Chasing the Kerry Dream
by Jimmy O' Sullivan Darcy -- Kerry's Eye
Kerry have always produced great commentators on sport, going back to the days of Paddy 'PF' Foley and stretching to include the great Micheal O Muircheartaigh, Micheal O Se, Liam Higgins, Pat Spillane, Dara O Cinneide……If O Muircheartaigh is the undisputed voice of the GAA nationally, then Weeshie Fogarty is inarguably the voice of Kerry sport.
Weeshie has seen it all from inside as well as outside the white lines. He has been a player of the top rank with his beloved Legion and with Kerry. He won All Irelands with the county and he was ever-present on the days when they won – and lost – All Irelands. He was a top referee at national level. He was also a well-known basketballer and had an early and obvious passion for every sport. It's easy to view Weeshie through the prism of Kerry football. It would also be a mistake – sport is a key part of Kerry life and more so in Weeshie's than most, but there are depths to Weeshie's life and wisdom locked between these pages that sport does not touch.
Weeshie grew up in the forties and fifties in Killarney and remembers a bygone era with fondness but with frank appraisal. Emigration was rife in those days – a lovely touch is the inclusion of a letter written by a father to an emigrated daughter in 1946.
Weeshie's life has been touched by tragedy more than most, and it is clear that facing the loss of his parents, three brothers, his sister, and his beloved niece Karen is a part of Weeshie's perspicacity. He credits the faith of his mother, a faith that he clearly inherited in full measure, for that strength – "Her generation had something special; their great faith saw them through heartache and loss. I have learned a lot from her…….It does seem as if death has been at my shoulder all my life; I even feel guilty at times because I am the only surviving member of the family who is left at home in Killarney. But as the years pass and I attend their funerals, I know that I am fortunate to have so many wonderful memories of absent families and friends."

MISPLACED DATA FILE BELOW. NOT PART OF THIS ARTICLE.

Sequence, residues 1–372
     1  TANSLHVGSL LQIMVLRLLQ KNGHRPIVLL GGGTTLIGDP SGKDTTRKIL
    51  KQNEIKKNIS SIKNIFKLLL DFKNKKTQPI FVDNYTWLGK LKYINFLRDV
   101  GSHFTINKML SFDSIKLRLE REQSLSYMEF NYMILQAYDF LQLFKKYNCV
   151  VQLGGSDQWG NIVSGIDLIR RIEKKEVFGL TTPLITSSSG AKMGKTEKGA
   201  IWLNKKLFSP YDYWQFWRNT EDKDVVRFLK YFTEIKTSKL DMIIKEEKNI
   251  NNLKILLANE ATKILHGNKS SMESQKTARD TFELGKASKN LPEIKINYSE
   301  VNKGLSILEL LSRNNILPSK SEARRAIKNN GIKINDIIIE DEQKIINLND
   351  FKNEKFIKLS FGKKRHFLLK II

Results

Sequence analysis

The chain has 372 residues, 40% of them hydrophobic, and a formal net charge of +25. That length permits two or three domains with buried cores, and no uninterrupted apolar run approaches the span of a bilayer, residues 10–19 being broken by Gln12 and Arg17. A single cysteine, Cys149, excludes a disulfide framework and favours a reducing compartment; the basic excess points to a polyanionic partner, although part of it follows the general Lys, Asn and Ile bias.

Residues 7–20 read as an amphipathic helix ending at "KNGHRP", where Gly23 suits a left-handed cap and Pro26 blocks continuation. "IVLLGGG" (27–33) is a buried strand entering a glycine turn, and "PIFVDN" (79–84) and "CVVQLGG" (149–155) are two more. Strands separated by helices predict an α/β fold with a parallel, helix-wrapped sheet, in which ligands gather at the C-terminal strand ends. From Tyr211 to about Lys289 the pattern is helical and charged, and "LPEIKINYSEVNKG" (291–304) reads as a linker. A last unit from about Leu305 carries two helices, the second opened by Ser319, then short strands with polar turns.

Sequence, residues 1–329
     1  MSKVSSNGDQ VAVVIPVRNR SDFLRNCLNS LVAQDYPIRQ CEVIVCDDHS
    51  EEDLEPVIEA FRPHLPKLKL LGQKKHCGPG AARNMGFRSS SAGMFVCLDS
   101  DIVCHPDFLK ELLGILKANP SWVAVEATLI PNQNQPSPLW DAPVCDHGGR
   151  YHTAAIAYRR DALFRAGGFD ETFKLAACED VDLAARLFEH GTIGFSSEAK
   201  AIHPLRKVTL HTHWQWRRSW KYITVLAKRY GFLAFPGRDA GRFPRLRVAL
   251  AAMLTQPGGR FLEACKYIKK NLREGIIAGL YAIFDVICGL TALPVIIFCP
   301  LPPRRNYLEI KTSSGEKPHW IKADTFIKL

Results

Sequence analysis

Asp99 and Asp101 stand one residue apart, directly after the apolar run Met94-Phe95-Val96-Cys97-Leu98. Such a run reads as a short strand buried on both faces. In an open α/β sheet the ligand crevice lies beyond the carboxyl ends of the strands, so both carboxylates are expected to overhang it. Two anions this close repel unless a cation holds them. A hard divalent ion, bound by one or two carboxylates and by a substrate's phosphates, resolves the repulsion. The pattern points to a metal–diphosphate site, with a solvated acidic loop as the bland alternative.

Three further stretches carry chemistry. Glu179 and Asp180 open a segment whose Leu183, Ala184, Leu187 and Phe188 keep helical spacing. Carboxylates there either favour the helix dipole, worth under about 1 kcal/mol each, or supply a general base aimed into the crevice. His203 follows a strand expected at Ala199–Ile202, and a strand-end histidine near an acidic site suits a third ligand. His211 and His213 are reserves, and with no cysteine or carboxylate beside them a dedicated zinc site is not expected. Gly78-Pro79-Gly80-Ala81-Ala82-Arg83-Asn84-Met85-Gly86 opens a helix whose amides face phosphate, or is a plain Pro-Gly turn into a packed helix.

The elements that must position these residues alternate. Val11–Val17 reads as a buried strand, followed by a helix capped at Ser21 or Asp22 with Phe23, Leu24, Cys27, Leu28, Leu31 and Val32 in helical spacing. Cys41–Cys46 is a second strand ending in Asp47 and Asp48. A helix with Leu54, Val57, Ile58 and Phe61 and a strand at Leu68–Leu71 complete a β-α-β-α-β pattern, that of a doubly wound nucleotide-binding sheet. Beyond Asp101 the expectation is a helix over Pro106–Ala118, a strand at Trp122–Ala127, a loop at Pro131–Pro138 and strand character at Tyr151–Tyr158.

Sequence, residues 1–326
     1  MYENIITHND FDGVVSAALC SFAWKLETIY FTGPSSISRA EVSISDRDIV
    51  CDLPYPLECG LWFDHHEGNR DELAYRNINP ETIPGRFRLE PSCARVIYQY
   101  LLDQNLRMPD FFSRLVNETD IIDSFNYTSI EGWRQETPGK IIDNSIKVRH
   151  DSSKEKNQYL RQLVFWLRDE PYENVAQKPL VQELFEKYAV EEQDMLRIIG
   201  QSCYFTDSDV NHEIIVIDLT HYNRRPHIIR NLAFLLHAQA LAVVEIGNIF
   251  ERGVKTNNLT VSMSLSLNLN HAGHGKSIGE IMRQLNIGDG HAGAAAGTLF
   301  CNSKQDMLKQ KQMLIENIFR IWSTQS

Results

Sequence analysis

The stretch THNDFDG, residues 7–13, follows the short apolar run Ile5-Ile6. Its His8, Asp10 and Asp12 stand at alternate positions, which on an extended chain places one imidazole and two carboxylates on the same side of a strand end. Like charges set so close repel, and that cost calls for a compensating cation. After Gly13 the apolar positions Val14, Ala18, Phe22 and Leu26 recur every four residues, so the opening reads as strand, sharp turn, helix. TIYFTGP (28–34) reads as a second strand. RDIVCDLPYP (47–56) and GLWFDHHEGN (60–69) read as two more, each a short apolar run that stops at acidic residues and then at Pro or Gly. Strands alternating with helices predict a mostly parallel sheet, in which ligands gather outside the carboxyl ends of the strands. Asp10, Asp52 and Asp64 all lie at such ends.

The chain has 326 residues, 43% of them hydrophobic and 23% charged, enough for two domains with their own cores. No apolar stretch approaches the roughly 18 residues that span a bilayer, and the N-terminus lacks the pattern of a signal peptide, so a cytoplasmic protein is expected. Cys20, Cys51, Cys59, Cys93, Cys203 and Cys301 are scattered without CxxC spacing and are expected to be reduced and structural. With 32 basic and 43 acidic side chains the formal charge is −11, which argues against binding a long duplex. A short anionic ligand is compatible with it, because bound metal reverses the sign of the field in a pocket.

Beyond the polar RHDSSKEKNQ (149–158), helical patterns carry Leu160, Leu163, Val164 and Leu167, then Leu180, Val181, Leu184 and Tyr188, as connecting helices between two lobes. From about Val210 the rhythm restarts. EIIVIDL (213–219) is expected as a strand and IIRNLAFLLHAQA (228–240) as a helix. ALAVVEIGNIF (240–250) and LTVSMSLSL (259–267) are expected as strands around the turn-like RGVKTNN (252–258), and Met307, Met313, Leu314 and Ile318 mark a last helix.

One of them was his close friend Liam Higgins – they travelled the highways and byways together following Kerry football, and Weeshie pays eloquent tribute to his fellow commentator.
As I said, this is not a sports story; this goes far deeper.
St. Finan's Hospital
"I dedicate this foreword to those lovely men with whom I sat and nursed during those long, lonely nights as their lives ebbed away, men who were laid to rest with just a handful of people by their graveside and were remembered by no-one. This is for them. It is little, but I have an overpowering need to mark their lives."
Weeshie started work in St. Finans Hospital in 1962 and worked as a psychiatric nurse for 38 years. St. Finans was as much a place of sorrow and loneliness as hope and redemption, but Weeshie and hundreds more dedicated their lives to alleviating suffering. He doesn't gloss over the sorrows – the over-use of ECT, bringing in patients under care orders, and most especially the sadness and gentleness of patients going to their final rest – but the sheer humanity and compassion that was a hallmark of Weeshie and his colleagues is there too. There is even an eye-witness recollection from a patient of the times. There was a stigma to mental illness for long decades – Weeshie candidly welcomes the more modern empathy and doesn't shy away from right or wrong.